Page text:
The domestication of animals was an important step in our human civilization. The essential mechanism of domestication is changing an animal's behavior and body shape to suit specific needs. The process of domestication is a slow one, and sometimes archaeologists have a difficult time identifying whether a group of animal bones in an archaeological site represents domesticated animals or not. Here is a list of some of the several signs that archaeologists look for in determining domestication.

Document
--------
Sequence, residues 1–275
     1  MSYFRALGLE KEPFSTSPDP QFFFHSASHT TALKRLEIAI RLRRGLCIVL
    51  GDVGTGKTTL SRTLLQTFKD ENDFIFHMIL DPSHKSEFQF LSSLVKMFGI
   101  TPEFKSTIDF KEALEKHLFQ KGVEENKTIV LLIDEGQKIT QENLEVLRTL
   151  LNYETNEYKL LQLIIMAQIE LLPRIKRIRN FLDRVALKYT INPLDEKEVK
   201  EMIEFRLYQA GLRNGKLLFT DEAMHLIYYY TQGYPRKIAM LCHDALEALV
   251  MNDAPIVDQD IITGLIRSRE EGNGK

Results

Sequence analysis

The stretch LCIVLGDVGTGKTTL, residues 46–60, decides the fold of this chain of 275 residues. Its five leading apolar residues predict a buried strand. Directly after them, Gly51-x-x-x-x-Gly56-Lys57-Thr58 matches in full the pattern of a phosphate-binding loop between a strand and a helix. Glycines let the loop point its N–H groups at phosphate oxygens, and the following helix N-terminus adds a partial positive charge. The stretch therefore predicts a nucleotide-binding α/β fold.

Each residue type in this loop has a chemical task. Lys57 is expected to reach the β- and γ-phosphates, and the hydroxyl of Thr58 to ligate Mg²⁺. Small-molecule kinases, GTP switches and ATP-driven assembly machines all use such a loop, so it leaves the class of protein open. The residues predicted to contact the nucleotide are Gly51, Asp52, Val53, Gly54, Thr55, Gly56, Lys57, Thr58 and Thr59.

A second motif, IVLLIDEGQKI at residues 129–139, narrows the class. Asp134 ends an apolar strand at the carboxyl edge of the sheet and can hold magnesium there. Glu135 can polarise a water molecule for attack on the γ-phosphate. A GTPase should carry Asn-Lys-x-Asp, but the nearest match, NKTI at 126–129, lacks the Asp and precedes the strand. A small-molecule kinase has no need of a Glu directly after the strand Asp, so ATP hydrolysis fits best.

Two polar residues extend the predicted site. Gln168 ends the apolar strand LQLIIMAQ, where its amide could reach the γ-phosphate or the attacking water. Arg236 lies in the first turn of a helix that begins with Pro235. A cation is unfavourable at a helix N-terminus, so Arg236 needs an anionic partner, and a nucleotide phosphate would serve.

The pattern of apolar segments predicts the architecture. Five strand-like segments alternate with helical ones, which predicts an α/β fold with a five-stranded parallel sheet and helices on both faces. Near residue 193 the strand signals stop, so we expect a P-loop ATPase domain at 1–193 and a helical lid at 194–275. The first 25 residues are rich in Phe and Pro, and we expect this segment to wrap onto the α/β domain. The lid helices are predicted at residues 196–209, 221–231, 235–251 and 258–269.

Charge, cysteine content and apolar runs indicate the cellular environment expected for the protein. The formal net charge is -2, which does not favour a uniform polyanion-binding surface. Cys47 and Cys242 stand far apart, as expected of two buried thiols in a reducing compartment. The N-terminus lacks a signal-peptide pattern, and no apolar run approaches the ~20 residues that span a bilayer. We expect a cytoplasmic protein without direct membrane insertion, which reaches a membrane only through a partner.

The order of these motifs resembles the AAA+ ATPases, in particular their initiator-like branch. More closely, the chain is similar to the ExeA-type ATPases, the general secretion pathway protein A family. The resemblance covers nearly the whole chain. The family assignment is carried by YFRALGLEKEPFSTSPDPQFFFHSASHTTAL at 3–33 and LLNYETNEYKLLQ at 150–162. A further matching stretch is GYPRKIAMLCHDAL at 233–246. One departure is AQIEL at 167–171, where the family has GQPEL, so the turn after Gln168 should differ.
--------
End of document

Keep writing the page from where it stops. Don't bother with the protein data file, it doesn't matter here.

One indication that a particular group of animals might be domesticated is a difference in body size and shape between an archaeological assemblage and animals found in the wild, called morphology.
Population demography refers to differences in the range of genders and ages between a domesticated group of animals and those found in the wild.
Site assemblages--the content and layout of settlements--hold clues to the presence of domesticated animals.
How the remains of an animal are buried has implications about its status as a domesticate.
A domesticated animal will eat differently than one in the wild, normally; and this dietary change may be identified through the use of stable isotope analysis.